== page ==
The basic Ginger Turmeric Lemonade recipe (below) heats the turmeric and ginger to further “activate” their healing properties.  I went a step further and created a drink with a health boost my friends and I can feel immediately.  It has coconut oil (healthy fat), black pepper, and other spices to max-out the overall healing benefit.

I don’t take anti-inflammatory meds anymore because between the magnesium I take trans-dermally and the turmeric I now cook with – I don’t need them!  If I were to get a bruise or sprain, I’d put magnesium and turmeric directly on the area – yellow stain or no yellow stain.

Anti-inflammatory benefits of curcumin

The yellow-orange pigment in turmeric is known as curcumin and an extracted form of it is sold for as a supplement. Curcumin is a powerful antioxidant and lowers the levels of two enzymes in the body that cause inflammation. It also stops platelets from clumping together to form blood clots.[4]

In numerous studies, curcumin’s anti-inflammatory effects have been shown to be comparable to the potent drugs hydrocortisone and phenylbutazone as well as over-the-counter anti-inflammatory agents such as Motrin. Unlike the drugs, which are associated with significant toxic effects (ulcer formation, decreased white blood cell count, intestinal bleeding), curcumin produces no toxicity. [5]

Wherever possible, I recommend whole-food-based forms of nutrition over lab-produced extracts and supplements. When we grow healthy, balanced plants in healthy, balanced soil and eat them in local variety and that already goes a long way to keeping us healthy. In the case of turmeric/curcumin, it’s easy to get the benefits in the whole-food form.  And, no matter how you take your turmeric, it can only take down so much inflammation if you still eat a lot of wheat, sugar or other inflammatory foods.

Using Fresh Turmeric Root

Buy some fresh turmeric root and play around with it. It’s like an exotic friend that you have seen but not gotten to know. You can press pieces of fresh turmeric with a garlic press, then discard the fibers, which aren’t very digestible, anyway.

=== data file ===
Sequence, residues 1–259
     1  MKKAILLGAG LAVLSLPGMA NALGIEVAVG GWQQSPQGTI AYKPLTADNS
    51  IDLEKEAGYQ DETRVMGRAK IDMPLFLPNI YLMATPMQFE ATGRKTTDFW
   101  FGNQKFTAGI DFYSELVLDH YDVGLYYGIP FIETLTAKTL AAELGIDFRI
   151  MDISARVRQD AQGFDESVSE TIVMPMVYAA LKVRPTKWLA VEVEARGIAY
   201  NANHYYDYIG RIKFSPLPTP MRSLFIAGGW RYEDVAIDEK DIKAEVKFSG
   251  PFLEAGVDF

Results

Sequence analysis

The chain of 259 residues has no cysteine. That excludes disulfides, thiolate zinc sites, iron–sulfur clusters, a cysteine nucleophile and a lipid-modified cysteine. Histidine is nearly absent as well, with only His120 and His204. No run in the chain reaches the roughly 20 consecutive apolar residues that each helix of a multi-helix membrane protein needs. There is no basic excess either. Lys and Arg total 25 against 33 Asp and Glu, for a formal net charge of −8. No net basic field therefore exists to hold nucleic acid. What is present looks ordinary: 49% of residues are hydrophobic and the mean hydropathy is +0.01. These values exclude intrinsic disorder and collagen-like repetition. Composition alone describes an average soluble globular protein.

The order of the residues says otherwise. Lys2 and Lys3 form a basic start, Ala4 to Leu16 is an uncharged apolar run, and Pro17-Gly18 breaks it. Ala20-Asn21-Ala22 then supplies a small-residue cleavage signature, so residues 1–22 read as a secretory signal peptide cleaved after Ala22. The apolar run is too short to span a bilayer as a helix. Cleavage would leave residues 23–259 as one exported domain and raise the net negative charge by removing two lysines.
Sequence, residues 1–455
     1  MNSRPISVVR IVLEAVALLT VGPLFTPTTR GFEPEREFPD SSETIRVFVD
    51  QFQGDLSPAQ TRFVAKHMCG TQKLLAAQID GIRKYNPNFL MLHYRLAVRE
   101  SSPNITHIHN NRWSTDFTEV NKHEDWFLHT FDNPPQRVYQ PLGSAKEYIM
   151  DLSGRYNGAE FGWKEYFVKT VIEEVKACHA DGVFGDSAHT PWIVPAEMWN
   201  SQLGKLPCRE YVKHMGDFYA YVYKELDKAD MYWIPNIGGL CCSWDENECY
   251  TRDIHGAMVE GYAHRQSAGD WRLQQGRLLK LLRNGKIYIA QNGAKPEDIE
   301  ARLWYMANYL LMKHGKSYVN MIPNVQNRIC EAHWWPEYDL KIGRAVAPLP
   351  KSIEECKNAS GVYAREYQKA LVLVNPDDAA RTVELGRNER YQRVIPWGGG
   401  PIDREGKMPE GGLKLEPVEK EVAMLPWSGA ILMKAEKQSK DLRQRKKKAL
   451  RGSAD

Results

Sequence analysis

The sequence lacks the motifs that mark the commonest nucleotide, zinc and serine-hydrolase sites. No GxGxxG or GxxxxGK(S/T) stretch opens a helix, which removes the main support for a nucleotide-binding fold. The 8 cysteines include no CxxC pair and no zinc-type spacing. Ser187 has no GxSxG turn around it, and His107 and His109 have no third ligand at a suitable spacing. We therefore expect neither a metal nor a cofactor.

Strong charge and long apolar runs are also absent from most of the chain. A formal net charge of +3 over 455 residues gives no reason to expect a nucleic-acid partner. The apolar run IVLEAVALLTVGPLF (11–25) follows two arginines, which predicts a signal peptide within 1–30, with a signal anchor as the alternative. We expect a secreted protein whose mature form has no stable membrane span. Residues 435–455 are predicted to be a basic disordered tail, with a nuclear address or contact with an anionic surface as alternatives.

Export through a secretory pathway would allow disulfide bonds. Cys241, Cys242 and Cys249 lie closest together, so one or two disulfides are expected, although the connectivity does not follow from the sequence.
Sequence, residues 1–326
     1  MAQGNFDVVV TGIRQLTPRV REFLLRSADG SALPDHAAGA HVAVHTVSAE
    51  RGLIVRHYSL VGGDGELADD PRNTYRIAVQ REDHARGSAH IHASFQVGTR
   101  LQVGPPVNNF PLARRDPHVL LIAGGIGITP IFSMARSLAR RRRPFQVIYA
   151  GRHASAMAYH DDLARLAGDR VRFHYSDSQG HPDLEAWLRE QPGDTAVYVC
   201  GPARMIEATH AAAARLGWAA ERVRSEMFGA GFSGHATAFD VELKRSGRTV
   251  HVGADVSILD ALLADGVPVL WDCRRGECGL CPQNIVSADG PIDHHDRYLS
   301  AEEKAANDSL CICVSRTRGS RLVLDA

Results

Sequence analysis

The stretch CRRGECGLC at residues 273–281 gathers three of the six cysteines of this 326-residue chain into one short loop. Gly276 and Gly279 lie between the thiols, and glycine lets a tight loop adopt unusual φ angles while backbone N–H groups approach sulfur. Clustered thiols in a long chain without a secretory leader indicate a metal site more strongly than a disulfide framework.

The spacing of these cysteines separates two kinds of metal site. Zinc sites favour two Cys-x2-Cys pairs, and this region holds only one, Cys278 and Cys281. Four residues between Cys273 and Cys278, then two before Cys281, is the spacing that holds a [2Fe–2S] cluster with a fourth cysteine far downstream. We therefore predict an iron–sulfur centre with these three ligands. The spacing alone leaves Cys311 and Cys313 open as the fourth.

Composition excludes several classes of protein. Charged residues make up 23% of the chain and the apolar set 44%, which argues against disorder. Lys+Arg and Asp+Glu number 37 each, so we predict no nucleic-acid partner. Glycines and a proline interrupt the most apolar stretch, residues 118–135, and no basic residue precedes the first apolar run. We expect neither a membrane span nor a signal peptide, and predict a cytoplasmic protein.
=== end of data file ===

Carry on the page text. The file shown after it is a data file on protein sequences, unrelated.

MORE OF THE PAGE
I also make an Easy Turmeric Pickle – especially when it looks like I may not otherwise use up the fresh root before it goes bad.

Easy Turmeric Pickle*
Grate 2-5 fresh knuckle-roots of fresh turmeric with a cheese grater – the roots can be simply washed, or washed and peeled, depending on the condition of the peel. Squeeze 1-2 lemons and mix in 1/2 teaspoon of salt per lemon to the juice.  Mix the grated turmeric with lemon-salt juice and put it into a small mason jar, packing the turmeric down so it’s completely covered in lemon-salt juice. Leave the jar covered on the counter for 24 hours (can be longer in colder weather) and then refrigerate.  You can use the pickled turmeric as a pre-meal tonic, as a condiment, or add it to flavor soups and other dishes.

I like this chicken in turmeric-basil-coconut sauce recipe because I can use my own turmeric and spices instead of a pre-mixed curry powder. (I leave out the jalapeño and cayenne.) Many pre-mixed curries have chili and other spices that combine to turn up the heat level too high for me and seem to increase inflammation. By adding the spices individually, I can control how much overall heat I’m getting. I add cumin and coriander and feel like I’m invoking the healing properties of each plant as I add them to the pot. 😉

Try this Ginger Turmeric Lemonade [6] and look for other ways to add turmeric to your food.

Basic Ginger Turmeric Lemonade        

1 quart water  (+ 1/2 cup for evaporation)
1.5 teaspoon Turmeric powder or 3 inches of fresh root, peeled, diced and pressed*
1 teaspoon Ginger powder or 2 inches of fresh root, peeled, diced and pressed*
Juice of 1 fresh lemons or 2 fresh limes
10-20 drops of dark stevia liquid, to taste (or other sweetener)

1.    Bring the water to a boil in a saucepan on the stove. Add the ginger and turmeric and simmer for 8 to 10 minutes.